save this code file.
conds.m, first use MATLAB's
input function to prompt the user for three pieces of information:
1) a numerical
month (between 1 and 12), 2) a
1 and 31) and 3) the user's name. Store each of these values in a variable
month is 7
day is 28 and
name is 'Rosa'). To prompt
the user for a string, provide a second input
's' when calling
name = input('Enter your name: ', 's'); % name is a string
Then write MATLAB expressions that correspond to the following:
valentinethat is true on February 14 and false otherwise.
cs112midtermthat is true on March 2 and April 23, and false otherwise.
springBreakthat is true between March 19 and March 29 (inclusive).
dayare your birthday, then print out a personalized birthday greeting such as "Happy Birthday to Stella!", otherwise print "Not Stella's birthday". The
dispfunction can be used to print text that combines literal strings with variables whose value is a string:
>> place = 'SCI 257'; >> disp(['class will be held in ' place ' today']); class will be held in SCI 257 today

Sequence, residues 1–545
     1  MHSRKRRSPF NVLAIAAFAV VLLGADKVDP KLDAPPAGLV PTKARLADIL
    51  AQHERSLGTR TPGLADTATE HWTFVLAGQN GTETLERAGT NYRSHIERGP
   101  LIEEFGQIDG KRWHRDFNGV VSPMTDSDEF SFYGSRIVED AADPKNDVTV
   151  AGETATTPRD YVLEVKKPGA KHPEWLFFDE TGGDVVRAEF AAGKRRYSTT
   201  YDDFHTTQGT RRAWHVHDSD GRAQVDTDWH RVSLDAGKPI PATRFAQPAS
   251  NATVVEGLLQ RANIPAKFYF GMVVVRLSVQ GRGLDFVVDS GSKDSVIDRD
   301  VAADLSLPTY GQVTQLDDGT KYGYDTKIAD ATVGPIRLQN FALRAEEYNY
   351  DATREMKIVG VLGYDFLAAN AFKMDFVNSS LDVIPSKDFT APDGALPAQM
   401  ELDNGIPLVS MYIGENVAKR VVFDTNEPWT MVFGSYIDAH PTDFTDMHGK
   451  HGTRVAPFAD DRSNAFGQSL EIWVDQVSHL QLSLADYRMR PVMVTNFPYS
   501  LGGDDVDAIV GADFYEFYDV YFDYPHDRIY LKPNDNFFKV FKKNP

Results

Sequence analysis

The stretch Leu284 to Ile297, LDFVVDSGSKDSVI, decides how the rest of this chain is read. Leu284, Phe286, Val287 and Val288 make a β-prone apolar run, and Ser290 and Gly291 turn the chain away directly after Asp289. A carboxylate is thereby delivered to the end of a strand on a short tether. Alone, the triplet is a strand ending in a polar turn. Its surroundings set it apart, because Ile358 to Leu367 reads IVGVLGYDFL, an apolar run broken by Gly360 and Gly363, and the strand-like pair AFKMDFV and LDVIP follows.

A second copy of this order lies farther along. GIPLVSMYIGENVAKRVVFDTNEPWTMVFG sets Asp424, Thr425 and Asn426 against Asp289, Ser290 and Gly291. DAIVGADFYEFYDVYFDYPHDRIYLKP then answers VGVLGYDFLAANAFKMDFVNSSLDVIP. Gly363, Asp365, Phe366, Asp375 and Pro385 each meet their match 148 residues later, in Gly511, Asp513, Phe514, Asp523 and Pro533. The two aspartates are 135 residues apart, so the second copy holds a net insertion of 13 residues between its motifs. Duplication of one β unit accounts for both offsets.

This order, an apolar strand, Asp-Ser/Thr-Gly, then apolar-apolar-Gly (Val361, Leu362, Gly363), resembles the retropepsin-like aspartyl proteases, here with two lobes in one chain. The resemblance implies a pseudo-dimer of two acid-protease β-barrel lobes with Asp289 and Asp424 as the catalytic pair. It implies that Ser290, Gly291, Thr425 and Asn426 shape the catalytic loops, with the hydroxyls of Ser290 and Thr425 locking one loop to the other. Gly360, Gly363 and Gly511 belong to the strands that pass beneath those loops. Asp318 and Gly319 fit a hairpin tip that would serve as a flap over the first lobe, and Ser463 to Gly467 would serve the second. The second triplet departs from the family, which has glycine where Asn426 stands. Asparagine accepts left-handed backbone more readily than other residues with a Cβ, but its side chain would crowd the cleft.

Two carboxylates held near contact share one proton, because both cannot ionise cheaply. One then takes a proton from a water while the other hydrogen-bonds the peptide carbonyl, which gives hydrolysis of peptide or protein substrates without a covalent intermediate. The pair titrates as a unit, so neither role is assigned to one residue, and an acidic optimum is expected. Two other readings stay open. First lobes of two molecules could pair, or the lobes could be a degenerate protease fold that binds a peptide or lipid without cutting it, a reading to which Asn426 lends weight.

monthis December, January or February, then print the lyrics of the first stanza of the song, "Frosty the Snowman" (on four separate lines), otherwise print a message of your choosing (this can be a single line).
Frosty the Snowman was a jolly happy soul,
With a corncob pipe and a button nose and two eyes made out of coal.
Frosty the Snowman is a fairy tale they say,
He was made of snow but the children know how he came to life one day.
dayand then seeing if your variables contain the correct values. Add comments containing the names of you and your partner, and the date, to your
conds.mfile and upload it with your other MATLAB files in your
assign1_exercisesfolder, when turning in Assignment 1.
The 2014 Winter Olympic Games in Sochi are now behind
us and the 2018 2018
PyeongChang Games may seem far away, but we can still try to
get into the spirit by creating our own olympic symbol! Using
The code for making this picture should be placed in a file named
olympics.m that you create from scratch and store in a folder named
assign1_problems that you also create. The easiest way to start a new code file
is to type the
edit command in the Command Window, followed by the first name of the
file that you want to create:
>> edit olympics
A pop-up box will appear that tells you that the file
olympics.m does not exist and
asks if you want to create it. Click on the